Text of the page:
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| It Rains In February: A Wife's Memoir of Love and Loss is a touchingly written memoir in the form of a posthumous letter to Ms. Summer's deceased husband. The prose is stunning and lush, rich with detail. As a reader, I could smell the flowers, the coffee, the cigarettes, the sea, and the death. The characters are richly drawn and undeniably real. I consider myself a fan of the memoir, and every word of this one rings true on the deepest emotional level. It is a work of unquestionable courage and vulnerability. One cannot help but be moved by the immense sacrifice this woman is willing to make for this man, her family, and the meaning of life, death and love. Ms. Summers also shows a biting grasp of the language. E-mails passed between the characters provide the reader with a wildly intimate look at a couple struggling with every duality imaginable: love and loss, joy and madness, friendship and intimacy and, ultimately, life and death. It will leave you questioning the meaning we attach to all of it. It Rains In February reads as a wrenching yet uplifting, brutal and gentle, hopeless and life-affirming story. If you're like me, you'll want to start it again as soon as you finish the first read. ~ John Duffy, Psy.D., clinical psychologist and author
Summers's memoir is a complex contemporary tragedy written by a mature, talented writer. Summers speaks directly to her husband, Stuart, who chose to end his own life, in this painfully honest eulogy. The intimate style, combined with second-person narration, gives the story a page-turning tension. Summers must first accept that her emotional, smart, artistic husband has fallen deeply in love with another woman. The small family that includes two young daughters is fractured when Stuart moves out of their Victorian home in the suburbs of a South African city, and the rupture deepens when Stuart moves further away from his family and his reluctant lover to be near his sister, Ruth, in Cape Town. Summers works from a distance to keep her long-suicidal husband alive, while Ruth makes similar efforts from nearby. Ultimately, the love of his wife, sister, and children are not enough to keep him alive. Summers's skilled prose ("Bleakness permeates the moist air and seeps into my pores") makes this traumatic book bearable to read. This memoir is a cathartic exercise for the author and could well serve in the same capacity for anyone who has lost a loved one to suicide. ~ PUBLISHERS WEEKLY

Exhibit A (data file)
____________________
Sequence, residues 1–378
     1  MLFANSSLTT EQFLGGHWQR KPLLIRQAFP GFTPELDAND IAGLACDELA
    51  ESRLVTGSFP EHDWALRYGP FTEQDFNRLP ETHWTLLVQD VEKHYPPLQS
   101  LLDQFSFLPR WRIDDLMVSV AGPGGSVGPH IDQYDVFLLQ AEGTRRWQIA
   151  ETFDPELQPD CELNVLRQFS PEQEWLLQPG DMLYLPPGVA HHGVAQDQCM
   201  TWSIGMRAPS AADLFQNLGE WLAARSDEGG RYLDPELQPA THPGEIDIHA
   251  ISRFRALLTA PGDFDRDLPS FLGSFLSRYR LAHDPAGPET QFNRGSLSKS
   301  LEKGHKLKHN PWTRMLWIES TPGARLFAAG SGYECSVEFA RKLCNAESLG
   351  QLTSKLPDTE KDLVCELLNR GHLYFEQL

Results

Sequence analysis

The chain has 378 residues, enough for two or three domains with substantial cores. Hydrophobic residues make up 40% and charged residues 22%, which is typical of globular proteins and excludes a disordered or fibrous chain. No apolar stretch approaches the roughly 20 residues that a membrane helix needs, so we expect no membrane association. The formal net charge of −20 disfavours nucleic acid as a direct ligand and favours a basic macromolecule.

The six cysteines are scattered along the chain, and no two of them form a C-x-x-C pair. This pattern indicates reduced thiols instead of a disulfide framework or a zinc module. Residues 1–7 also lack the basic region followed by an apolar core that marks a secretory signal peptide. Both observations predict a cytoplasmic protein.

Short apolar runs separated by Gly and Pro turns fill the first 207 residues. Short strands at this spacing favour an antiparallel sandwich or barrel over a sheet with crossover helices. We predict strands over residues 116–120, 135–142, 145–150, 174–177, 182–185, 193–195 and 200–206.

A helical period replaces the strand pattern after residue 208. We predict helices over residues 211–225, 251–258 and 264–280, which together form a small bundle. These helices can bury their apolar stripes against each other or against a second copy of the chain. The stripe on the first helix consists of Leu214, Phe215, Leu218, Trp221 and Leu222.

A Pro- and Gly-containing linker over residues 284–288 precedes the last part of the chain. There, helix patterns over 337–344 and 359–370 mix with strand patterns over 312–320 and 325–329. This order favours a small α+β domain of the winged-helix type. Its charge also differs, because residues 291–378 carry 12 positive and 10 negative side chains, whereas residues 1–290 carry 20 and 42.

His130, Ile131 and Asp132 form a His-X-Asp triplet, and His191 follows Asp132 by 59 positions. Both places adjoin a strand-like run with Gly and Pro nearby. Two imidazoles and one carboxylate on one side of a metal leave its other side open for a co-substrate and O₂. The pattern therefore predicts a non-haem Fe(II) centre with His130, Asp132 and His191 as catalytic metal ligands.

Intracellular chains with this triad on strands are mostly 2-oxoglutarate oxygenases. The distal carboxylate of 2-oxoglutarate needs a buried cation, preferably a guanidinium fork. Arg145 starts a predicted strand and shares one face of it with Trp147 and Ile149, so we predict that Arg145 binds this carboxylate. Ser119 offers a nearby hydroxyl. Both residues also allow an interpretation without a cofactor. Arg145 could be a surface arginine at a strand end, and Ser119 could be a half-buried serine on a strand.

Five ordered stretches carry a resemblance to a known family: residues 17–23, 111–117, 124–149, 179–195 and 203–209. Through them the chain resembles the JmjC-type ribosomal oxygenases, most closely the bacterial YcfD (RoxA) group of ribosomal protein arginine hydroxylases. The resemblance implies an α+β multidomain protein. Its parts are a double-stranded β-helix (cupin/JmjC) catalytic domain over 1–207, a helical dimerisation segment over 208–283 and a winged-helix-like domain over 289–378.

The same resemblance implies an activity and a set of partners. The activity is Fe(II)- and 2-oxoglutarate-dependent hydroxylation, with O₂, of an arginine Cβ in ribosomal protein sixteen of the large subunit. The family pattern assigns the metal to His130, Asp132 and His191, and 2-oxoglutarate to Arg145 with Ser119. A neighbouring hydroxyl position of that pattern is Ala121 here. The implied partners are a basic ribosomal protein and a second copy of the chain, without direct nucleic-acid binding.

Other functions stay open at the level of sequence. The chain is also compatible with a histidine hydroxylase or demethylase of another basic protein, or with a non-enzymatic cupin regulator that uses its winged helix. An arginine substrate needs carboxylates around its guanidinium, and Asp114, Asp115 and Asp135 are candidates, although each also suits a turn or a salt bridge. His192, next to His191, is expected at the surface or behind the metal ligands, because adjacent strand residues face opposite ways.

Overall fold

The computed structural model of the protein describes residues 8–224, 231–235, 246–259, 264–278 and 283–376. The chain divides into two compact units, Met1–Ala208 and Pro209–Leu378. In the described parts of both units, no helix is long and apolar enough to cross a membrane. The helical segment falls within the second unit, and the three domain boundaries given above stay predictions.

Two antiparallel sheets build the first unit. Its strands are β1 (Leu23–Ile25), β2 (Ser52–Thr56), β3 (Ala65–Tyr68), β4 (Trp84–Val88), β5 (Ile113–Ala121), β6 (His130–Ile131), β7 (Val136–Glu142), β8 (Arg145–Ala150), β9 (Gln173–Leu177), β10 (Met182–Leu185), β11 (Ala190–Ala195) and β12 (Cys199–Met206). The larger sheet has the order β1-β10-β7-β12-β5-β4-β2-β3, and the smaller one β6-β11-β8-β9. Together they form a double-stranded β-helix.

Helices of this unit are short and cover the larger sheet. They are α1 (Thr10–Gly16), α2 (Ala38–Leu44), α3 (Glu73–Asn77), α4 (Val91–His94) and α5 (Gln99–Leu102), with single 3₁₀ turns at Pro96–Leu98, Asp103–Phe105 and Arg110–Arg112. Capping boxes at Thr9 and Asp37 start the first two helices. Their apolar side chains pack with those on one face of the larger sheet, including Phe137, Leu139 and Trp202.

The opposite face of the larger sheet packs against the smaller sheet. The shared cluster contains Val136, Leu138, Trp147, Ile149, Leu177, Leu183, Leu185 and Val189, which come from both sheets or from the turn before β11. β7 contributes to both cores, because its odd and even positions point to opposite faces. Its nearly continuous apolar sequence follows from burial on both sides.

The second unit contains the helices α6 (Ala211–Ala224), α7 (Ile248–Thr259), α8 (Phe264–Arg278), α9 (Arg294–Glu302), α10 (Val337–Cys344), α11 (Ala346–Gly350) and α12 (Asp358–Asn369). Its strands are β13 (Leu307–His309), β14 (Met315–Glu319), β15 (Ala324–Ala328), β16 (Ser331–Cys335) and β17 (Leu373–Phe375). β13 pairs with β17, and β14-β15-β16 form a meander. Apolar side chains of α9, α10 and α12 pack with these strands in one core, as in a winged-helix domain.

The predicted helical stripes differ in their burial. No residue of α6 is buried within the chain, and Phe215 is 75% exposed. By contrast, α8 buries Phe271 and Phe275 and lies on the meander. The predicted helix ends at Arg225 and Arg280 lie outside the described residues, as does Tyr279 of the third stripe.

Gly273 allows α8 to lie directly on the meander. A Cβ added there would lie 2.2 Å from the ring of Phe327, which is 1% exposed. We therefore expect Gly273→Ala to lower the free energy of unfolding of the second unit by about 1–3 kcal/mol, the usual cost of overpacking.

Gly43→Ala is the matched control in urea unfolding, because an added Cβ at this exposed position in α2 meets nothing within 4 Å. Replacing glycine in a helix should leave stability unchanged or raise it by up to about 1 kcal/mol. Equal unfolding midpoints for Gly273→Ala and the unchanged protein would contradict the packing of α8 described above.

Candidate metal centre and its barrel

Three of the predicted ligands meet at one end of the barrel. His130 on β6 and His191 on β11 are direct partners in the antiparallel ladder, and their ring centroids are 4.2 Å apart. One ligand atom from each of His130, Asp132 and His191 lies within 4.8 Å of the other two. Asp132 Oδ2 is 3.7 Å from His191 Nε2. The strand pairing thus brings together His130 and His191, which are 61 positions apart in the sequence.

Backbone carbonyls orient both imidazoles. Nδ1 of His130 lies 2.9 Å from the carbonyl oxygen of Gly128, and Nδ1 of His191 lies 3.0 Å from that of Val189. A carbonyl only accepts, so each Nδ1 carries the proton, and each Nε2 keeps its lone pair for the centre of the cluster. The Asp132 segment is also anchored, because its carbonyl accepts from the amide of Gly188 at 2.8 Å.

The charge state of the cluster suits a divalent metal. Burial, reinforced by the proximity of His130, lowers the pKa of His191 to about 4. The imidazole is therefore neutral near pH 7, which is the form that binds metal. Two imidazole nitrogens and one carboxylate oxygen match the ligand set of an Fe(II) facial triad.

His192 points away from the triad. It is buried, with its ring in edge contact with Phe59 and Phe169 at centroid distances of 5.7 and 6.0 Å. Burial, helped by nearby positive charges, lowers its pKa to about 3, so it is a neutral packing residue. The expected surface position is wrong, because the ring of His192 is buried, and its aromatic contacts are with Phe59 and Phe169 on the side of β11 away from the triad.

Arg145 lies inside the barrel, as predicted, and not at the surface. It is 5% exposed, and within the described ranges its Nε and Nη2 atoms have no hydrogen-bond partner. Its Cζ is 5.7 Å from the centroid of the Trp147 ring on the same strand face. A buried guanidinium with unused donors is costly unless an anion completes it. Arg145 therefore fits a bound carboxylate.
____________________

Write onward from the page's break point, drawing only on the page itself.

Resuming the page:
One million people die from suicide every year worldwide according to the World Health Organisation. That's three thousand deaths a day or roughly one death every forty seconds. My forty seconds came on the 24th of February 2007 when my husband, Stuart, drowned himself at sea, leaving me widowed with two young daughters aged six and four. My book began as an account for them. I knew it wasn't an accident, even though the medics and police never suspected suicide. Stuart had been talking about ending his life for a year. His most recent suicide attempt had been only three weeks earlier. Afterwards, he explained that day as the most peaceful day of his life. Sitting next to the dam, he smoked his last cigarette. He drank a hundred sleeping pills and did a final check to make sure everything would look like an accident. The last thing he remembered was swimming out into the crystal clear water. He said that he was no longer scared of dying, that there was nothing scary about it. Living was the scary thing.
It Rains In February: A Wife's Memoir of Love and Loss is available from Amazon.com.
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